‘The most diabolical masterminds’: Documentary director on how 2 women killed Kim Jong-un’s half brother

Written by Amy Ta, produced by Angie Perrin

Armed guards escort Doan Thi Huong and Siti Aisyah out of the courthouse in “Assassins.” Photo courtesy of Greenwich Entertainment.

A new documentary, “Assassins,” delves into the assassination of Kim Jong-nam, the half brother of North Korean dictator Kim Jong-un. Security cameras caught two young women, Doan Thi Huong and Siti Aisya, approaching Kim in a busy Malaysian airport and wiping a substance onto his face, which turned out to be a lethal nerve agent called VX. He died within the hour. The women were arrested a few days later and accused of murder. Who were they, and how did they pull this off? 

The documentary hits premium video on demand (Amazon, iTunes, etc.) this Friday. 

“When arrested, they said, ‘Yes, we did that to that man. But we thought we were playing a prank on a reality show. And in fact, we didn't even know that that man died.’ So it's a totally inconceivable story, sort of the most absurd defense we've ever heard for a political assassination,” says the film’s director Ryan White. 

Doan Thi Huong was an educated woman from Hanoi, Vietnam, but she wasn’t using her degree, White explains. She spent the last five or six years seeking fame, modeling and appearing on viral prank shows. While waitressing at a bar, she was approached by a man who claimed to be Japanese and asked if she wanted to be a part of a prank show.

Siti Aisya was from Indonesia. She attended school until the sixth grade and then worked in a sweatshop in Jakarta, White says. As a single mother, she was constantly seeking a better life and better paycheck. She came to Kuala Lumpur, Malaysia, because she was promised a job. It ended up being in the sex trade.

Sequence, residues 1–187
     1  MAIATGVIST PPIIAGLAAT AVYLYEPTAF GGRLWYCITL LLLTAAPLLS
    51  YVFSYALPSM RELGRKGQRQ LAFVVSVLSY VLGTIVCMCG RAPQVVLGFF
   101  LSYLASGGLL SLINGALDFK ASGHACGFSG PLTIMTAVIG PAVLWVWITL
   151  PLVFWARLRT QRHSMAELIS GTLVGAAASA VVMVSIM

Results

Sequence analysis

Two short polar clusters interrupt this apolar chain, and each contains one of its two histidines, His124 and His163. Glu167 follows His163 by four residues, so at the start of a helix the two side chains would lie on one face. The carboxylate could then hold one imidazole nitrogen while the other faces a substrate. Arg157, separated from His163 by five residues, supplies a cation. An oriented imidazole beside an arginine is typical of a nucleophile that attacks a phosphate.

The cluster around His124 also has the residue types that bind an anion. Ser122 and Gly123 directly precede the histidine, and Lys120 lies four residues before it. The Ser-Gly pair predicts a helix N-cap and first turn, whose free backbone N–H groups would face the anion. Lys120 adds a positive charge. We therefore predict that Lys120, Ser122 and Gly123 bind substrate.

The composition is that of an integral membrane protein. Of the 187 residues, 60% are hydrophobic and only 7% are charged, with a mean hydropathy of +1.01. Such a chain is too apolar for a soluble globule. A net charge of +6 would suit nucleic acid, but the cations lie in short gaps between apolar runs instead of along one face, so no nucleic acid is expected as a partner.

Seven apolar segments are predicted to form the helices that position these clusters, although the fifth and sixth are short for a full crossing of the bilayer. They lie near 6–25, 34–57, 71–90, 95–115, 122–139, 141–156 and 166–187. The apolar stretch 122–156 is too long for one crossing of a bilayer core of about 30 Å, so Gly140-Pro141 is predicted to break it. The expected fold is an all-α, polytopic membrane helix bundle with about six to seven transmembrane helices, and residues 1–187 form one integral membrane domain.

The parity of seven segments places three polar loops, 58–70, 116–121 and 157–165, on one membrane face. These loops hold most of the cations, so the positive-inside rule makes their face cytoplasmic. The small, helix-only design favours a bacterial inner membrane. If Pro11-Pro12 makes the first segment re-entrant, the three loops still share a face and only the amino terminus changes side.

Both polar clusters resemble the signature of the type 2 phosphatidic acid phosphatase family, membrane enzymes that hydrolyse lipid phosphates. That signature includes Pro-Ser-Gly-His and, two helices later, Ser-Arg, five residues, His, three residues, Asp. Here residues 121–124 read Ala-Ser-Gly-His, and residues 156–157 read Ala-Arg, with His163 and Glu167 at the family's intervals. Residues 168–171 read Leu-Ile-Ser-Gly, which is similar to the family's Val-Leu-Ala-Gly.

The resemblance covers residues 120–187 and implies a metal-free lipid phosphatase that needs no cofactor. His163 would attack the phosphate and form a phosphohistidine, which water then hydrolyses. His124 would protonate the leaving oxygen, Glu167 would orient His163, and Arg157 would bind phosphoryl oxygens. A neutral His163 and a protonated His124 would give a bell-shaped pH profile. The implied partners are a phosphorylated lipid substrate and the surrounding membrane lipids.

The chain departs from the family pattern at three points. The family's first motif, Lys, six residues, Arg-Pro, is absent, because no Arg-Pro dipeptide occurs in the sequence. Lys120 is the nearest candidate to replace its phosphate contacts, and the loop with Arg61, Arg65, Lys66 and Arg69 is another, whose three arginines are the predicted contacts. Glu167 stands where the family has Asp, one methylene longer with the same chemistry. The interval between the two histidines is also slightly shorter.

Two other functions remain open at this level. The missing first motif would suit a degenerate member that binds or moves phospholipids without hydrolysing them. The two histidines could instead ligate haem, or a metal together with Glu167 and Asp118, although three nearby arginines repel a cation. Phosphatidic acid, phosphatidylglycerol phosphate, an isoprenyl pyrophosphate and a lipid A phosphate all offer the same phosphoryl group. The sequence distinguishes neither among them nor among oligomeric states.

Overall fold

White says that she was making $5-10 a day, so when she was approached with the idea of making $100 for playing a prank, it was alluring because she was sending money back home to her family.

White says the central question of his film is whether the prank show was a ruse to cover up this assassination. But he can’t unequivocally answer it, and he was skeptical from the beginning.  

“This assassination happened in February of 2017. … Almost four years ago was Donald Trump's first full month in office. … Nobody knows the backstory because … Donald Trump was dominating the airwaves. And so I was one of those people who just assumed these women were trained assassins,” he says.


Mug shots of Siti Aisyah (left) and Doan Thi Huong (right) in “Assassins.” Photo courtesy of Greenwich Entertainment.

When asked if he is convinced these women were innocent, White says, “I would say these women would have to be the most diabolical masterminds to have pulled it off. … I watched the case that the prosecution put on. They didn't show one shred of evidence that was convincing that these women were aware of what they were doing, or that they were aware that they were working for the North Korean regime.”

He continues, “For these women to be guilty, you would have to assume that a woman from Indonesia and a woman from Vietnam were so dedicated to the North Korean regime for some reason that they were willing to risk their lives, get caught, and then face the death penalty, all on behalf of the Kim regime. And that's already sort of inconceivable. … I have never seen a shred of evidence that points to their guilt. And so I might have been fooled. But I would strongly wager that these women were duped into doing this.” 

What's the theory for why Kim Jong-un wanted to get rid of his half brother? Kim Jong-nam was always going to be a threat, White says. 

“He [Kim Jong-nam] was not only questioning his brother's legitimacy, he also had connections to the two foreign governments that most directly threatened Kim Jong-un's power. And that was China because he was living in Macau under the protection of China. And that was the U.S., which is a revelation in our film that Kim Jong-nam was, in fact, working as a CIA informant. And he was actually in Malaysia to meet with a CIA agent. And he was on his way back from that meeting when he was assassinated, like on his body was $138,000, which was presumed to be payment that came out of that meeting with the CIA.”

He continues, “Many people wonder whether North Korea was tracking his meetings with the CIA — we know Malaysia was aware of them — and whether this caused North Korea to finally pull the trigger, so to speak, that Kim Jong-nam had taken it too far.”

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